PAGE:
The World Health Organization’s (WHO) World Malaria Report 2016 highlights that there has been a significant improvement in access to effective malaria-fighting interventions. However, gaps in coverage remain in high malaria burden countries and funding shortfalls are delaying essential progress in malaria control and elimination. The report, released today, states that sustained and sufficient funding is required in order to accelerate malaria control programmes and achieve the Global Technical Strategy for Malaria (GTS) milestones set for 2020.
GTS 2020 milestones include a 40 percent reduction in malaria case incidence and mortality, eliminating malaria from at least 10 countries and preventing a resurgence of malaria in all countries that are malaria-free.
Currently 49 out of 91 malaria-endemic countries are on target to achieve the 40 percent reduction in malaria mortality by 2020, and only 40 countries on track to reach the 40 percent reduction in case incidence. However there is evidence that the concerted global focus on tackling malaria is having positive results.
Since 2000, malaria mortality rates have fallen by 62 percent in the African Region, and by 69 percent among children under five. Globally, between 2010 and 2015, global malaria case incidence rates dropped by 21 percent and 29 percent, respectively. In the same reporting period there has been an 80 percent increase in the use of treated mosquito nets, a 77 percent increase in diagnostic testing for children with a fever seeking care and a five-fold increase in the recommended three or more doses of preventive treatment for pregnant women.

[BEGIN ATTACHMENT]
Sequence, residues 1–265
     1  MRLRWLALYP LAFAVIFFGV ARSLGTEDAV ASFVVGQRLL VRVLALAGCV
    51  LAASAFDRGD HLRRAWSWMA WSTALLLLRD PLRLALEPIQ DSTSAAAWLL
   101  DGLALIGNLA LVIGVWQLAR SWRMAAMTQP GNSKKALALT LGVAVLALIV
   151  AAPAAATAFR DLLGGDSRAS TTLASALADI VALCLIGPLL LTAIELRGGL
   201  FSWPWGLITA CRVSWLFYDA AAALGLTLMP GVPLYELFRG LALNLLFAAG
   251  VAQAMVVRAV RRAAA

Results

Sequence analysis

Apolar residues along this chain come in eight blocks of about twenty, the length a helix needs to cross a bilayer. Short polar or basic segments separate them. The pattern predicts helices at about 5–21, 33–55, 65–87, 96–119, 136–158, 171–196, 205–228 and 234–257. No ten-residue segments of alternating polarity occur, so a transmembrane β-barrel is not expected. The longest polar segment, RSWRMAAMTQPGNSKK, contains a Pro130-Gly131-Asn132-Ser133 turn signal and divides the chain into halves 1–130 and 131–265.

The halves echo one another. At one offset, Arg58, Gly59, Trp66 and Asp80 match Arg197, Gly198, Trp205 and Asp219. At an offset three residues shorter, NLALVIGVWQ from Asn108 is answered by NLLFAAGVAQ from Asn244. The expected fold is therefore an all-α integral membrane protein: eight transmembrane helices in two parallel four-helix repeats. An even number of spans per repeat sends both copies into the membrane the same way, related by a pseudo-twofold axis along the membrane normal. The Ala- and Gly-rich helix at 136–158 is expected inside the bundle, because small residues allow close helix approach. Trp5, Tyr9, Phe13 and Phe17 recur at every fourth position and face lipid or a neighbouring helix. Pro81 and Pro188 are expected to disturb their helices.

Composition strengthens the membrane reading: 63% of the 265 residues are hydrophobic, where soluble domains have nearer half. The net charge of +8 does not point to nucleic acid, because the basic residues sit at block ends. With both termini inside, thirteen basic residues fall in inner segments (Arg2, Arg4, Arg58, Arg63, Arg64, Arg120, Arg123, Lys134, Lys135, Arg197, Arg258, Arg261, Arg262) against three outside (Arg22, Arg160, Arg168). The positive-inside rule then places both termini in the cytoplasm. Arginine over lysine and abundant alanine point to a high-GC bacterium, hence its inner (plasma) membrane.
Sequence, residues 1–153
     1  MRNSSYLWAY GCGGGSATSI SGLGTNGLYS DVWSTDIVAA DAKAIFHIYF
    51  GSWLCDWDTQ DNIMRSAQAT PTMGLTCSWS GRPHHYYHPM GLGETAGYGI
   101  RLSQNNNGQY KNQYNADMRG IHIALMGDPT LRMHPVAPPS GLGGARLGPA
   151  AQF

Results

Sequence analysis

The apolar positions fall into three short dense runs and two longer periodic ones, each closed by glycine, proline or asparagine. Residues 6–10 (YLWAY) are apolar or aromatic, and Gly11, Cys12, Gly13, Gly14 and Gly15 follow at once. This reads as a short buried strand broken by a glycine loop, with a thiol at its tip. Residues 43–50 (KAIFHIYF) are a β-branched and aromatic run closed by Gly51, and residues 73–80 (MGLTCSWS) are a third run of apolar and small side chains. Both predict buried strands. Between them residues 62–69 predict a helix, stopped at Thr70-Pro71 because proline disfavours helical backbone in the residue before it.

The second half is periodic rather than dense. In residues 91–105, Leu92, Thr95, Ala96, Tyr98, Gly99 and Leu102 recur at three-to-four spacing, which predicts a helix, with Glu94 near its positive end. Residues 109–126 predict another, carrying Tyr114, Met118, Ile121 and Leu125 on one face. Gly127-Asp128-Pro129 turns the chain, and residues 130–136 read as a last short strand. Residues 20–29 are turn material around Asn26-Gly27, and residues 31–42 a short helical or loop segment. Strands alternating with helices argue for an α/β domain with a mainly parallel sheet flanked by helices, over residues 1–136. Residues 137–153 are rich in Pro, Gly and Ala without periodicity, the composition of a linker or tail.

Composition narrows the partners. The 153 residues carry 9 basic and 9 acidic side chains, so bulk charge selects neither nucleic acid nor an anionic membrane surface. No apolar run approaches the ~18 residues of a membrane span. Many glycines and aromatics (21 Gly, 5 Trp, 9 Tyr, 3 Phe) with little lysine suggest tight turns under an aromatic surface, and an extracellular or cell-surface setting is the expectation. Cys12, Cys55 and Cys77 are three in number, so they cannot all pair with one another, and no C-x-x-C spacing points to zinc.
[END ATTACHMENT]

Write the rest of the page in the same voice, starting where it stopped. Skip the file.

“The report shows that the interventions available to us at present do work when targeted appropriately,” Malaria Consortium Chief Executive Charles Nelson said. “We must continue to scale up and ensure that those interventions reach all populations, especially the most vulnerable and hardest to reach in high burden environments, and enhance surveillance and response to breakthrough cases where there is the opportunity to eliminate malaria, if we are to achieve the targets set in the Global Technical Strategy. This will require an increase in funding, both from domestic and international sources.”
Malaria funding totalled US$2.9 billion in 2015, which represents 45 percent of the annual funding target of US$6.4 billion set for 2020, set by the GTS.
Other successes from the report include an increase in the life expectancy in Sub-Saharan Africa from 50.6 years in 2000 to 60 years in 2015, of which 12 percent is attributed to malaria reduction. It is also expected that the GTS target of eliminating malaria from ten countries by 2020 will be achieved.
Despite these achievements, the central theme of the report is the need for additional funding to continue operational research, develop new tools and medicines, and expand access to core malaria commodities. The challenges of reaching the 2020 GTS targets, though sizeable, are not insurmountable, the report says, and with all partners united, we can defeat malaria and improve the health of millions of people around the world.